Guest Blog: Treating Pelvic Dysfunction in a Functional Way

Blogger's Introduction:

Full discloser, A.J. Grzesiak is my talented, assiduous, and dear brother. He and my sister-in-law Melissa are accomplished Physical Therapists, a field that works in combination with a balanced diet in order to live an active and healthy lifestyle. I am currently working on an piece discussing nutrition and bone health, which will soon appear under the "Nutrition Articles" tab. However, it occurred to me that I am fortunate to have such a resource nearby, and that my brother's wealth of knowledge should also be shared. The StepRight product he discusses his is own creation. If you wish to learn more about it, please visit the website below. Regardless, enjoy the information, take it to heart, love your bones, and please await for more information to come regarding what foods to eat to keep them healthy :-)

                                  Sincerely StuffedNutrition blogger and A.J's loving sister,  Beth

 

TREATING PELVIC DYSFUNCTION IN A FUNCTIONAL WAY

Whether talking about raising a family, starting a business, or initiating a diet there needs to be a strong foundation to build upon.  The same holds true for our bodies in that we require a stable base, or foundation to create and execute appropriate movement patterns.  In human anatomy the pelvic girdle is the keystone that bridges the gap between the primary need for stability while allowing for appropriate levels of mobility to efficiently perform daily tasks and higher level activities.

Pelvic pain or dysfunction causes a disruption in the body system that can ignite focal impairment or create a trickledown effect into other areas of our bodies.  The causes of pelvic pain are varied and range from pelvic joint problems, muscle weakness or imbalance in the pelvic floor or trunk, poor coordination of muscles that control bowel and bladder, and pregnancy or childbirth to name a few.  No matter the origin, issues stemming from the pelvis can make people highly uncomfortable, self-conscious, and affect their quality of life in many ways.

Treatment is dependent on the type of pain or dysfunction present, and the underlying components leading to a crack in the “foundation” of our bodies.  As physical therapists we strive to educate our patients throughout the process as we work to restore and normalize body alignment, muscle activity, and movement strategies.  Initially setting our patients up for success to build confidence allows us to progress to more challenging tasks.  As we work to reintegrate the patient back into their normal routines we know the value of functionally specific training and utilize the concept of specificity to help patients achieve their ultimate goals.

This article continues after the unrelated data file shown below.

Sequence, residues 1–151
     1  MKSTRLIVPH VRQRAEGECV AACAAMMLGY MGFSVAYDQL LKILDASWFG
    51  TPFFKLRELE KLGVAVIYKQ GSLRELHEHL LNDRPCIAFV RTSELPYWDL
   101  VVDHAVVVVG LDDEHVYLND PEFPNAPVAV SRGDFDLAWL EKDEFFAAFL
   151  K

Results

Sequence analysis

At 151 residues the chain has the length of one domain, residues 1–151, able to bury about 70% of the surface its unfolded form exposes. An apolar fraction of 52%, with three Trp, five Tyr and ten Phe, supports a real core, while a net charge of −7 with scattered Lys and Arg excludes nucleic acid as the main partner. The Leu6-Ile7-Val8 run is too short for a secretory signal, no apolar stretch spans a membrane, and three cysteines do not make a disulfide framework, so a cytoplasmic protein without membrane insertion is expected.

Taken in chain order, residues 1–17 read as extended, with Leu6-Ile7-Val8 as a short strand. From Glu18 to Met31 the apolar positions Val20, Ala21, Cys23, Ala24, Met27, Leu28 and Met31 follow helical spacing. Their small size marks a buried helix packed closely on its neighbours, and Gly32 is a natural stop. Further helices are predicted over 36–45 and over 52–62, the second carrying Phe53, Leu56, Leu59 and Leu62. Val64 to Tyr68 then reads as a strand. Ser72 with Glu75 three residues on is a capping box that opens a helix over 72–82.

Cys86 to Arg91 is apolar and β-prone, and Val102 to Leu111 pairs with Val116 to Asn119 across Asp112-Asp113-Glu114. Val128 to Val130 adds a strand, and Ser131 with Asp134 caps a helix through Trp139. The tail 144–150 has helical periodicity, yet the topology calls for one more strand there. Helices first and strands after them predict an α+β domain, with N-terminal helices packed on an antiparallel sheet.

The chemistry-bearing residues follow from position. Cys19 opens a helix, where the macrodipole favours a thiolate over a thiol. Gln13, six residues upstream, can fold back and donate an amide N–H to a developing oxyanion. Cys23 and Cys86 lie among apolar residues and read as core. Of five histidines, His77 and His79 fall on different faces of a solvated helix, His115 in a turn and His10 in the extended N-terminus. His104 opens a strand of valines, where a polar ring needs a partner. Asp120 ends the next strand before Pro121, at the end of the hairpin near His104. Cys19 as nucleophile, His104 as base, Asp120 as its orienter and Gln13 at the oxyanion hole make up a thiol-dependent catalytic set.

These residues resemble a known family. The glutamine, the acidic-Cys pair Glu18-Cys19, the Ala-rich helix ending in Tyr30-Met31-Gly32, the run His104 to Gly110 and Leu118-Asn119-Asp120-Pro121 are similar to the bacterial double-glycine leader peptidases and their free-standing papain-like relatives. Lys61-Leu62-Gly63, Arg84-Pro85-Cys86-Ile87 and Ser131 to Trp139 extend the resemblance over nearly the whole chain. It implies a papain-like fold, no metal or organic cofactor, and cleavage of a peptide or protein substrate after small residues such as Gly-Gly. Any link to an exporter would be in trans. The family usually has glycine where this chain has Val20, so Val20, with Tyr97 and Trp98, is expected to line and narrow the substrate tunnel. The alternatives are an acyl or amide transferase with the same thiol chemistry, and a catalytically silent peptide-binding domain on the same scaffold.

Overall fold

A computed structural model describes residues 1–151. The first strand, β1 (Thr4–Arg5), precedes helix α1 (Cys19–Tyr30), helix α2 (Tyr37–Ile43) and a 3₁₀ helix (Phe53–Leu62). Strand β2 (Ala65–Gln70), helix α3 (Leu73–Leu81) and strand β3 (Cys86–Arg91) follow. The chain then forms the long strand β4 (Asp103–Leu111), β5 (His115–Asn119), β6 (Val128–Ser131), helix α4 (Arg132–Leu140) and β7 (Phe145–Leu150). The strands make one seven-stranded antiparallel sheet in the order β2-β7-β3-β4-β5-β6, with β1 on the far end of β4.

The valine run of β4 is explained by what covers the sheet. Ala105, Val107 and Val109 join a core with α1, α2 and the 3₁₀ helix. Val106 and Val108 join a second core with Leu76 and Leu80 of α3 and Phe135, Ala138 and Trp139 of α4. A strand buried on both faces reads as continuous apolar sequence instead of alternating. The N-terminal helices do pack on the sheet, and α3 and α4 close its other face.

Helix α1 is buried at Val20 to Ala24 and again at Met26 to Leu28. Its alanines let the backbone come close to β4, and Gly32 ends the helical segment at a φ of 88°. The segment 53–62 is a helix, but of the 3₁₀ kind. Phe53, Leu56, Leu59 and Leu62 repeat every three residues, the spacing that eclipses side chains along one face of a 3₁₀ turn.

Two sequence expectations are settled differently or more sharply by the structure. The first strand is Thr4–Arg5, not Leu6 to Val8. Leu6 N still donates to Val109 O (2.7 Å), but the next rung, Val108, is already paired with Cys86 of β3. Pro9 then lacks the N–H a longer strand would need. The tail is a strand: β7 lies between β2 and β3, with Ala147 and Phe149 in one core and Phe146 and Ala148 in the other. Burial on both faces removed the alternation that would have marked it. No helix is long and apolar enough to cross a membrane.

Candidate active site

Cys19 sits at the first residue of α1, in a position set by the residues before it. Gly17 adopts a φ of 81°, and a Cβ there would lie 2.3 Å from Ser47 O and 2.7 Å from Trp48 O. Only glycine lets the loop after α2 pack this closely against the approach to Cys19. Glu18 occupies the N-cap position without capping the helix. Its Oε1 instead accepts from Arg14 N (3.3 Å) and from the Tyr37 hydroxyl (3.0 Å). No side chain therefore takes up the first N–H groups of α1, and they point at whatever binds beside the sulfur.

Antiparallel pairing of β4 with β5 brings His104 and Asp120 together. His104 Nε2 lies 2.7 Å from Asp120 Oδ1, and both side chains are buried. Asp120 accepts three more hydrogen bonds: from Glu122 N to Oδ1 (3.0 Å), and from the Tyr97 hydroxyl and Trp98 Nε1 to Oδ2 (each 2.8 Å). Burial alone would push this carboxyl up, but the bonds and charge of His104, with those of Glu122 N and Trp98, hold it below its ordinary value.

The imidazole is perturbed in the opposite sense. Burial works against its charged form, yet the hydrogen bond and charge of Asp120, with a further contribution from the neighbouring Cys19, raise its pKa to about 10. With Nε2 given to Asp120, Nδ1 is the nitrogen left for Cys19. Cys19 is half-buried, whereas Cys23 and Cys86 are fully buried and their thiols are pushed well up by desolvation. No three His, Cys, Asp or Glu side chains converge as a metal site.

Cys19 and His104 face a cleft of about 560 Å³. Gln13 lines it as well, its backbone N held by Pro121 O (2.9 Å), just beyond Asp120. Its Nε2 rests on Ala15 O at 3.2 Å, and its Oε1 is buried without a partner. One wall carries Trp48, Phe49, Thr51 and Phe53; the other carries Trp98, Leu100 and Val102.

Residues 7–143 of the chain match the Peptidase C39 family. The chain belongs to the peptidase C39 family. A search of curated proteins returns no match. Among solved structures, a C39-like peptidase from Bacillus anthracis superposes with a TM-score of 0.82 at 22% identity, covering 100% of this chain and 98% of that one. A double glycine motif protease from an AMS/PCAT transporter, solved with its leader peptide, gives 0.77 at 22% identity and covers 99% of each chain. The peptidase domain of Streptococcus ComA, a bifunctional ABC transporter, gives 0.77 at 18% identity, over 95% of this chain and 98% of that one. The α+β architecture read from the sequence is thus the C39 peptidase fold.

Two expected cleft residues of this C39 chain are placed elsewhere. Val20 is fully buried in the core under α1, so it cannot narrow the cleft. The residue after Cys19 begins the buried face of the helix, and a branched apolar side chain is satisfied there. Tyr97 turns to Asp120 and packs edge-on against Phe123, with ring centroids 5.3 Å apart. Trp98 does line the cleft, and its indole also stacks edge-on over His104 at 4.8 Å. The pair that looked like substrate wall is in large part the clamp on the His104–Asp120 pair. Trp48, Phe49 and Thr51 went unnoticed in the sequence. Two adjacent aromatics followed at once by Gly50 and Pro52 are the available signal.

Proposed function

The STEPRIGHT™ Stability System is a new training device geared at enhancing sensorimotor coordination in weight bearing positions to improve overall functional performance.  The unique slip over the shoe design takes unstable surface training to a whole other level while allowing the user to maintain rearfoot/forefoot weight distribution, independent lower extremity control, and the ability to perform reciprocal movement patterns as seen with gait.  Improving body awareness, timing of muscle contractions, and feedforward motor responses are crucial in treating pelvic dysfunction.  STEPRIGHT™ allows you to work on abdominal bracing techniques and kegel exercises from a variety of static foot positions as well as progress toward dynamic, translational movements into the surrounding environment.  Enhancing the patients muscle activation patterns will help to make the difference in rebuilding their “foundation” and living a happy, highly functional life!

Written by:  A.J. Grzesiak, PT, DPT, OCS


For more information or to inquire about purchasing the STEPRIGHT™ Stability System please visit www.steprightstability.com





The Lean Pocket Dilemma: Defining "Healthy"

Scene: While trying to multitask on a particularly hurried morning, I was able to throw a handful of nutritious snacks in my polka-dot lunch box. A small bag of mixed nuts, a fresh apple, cucumber slices, etcetera. However, as the clock continued to tick, and I was suffering the consequences of an overused snooze button, the realization set in that a morning chore had to be sacrificed if arriving to work in a timely manner was going to happen. This instance, the sacrificial lamb was my lunch. Today’s lucky stand-in: a delicious Lean Pocket.

Flash forward to noon. I’m eagerly waiting the minute and a half until the crisper sleeve does its magic and my warmed Lean Pocket is ready to devour. After a tiring morning, I’m quietly lurking around the microwave rather then partaking in the conversation of my coworkers. However, I did not go unnoticed. Caught off guard, the following question was thrown my way, “You’re the dietitian…you know that isn’t healthy, right?”

…sigh…exasperated head shake…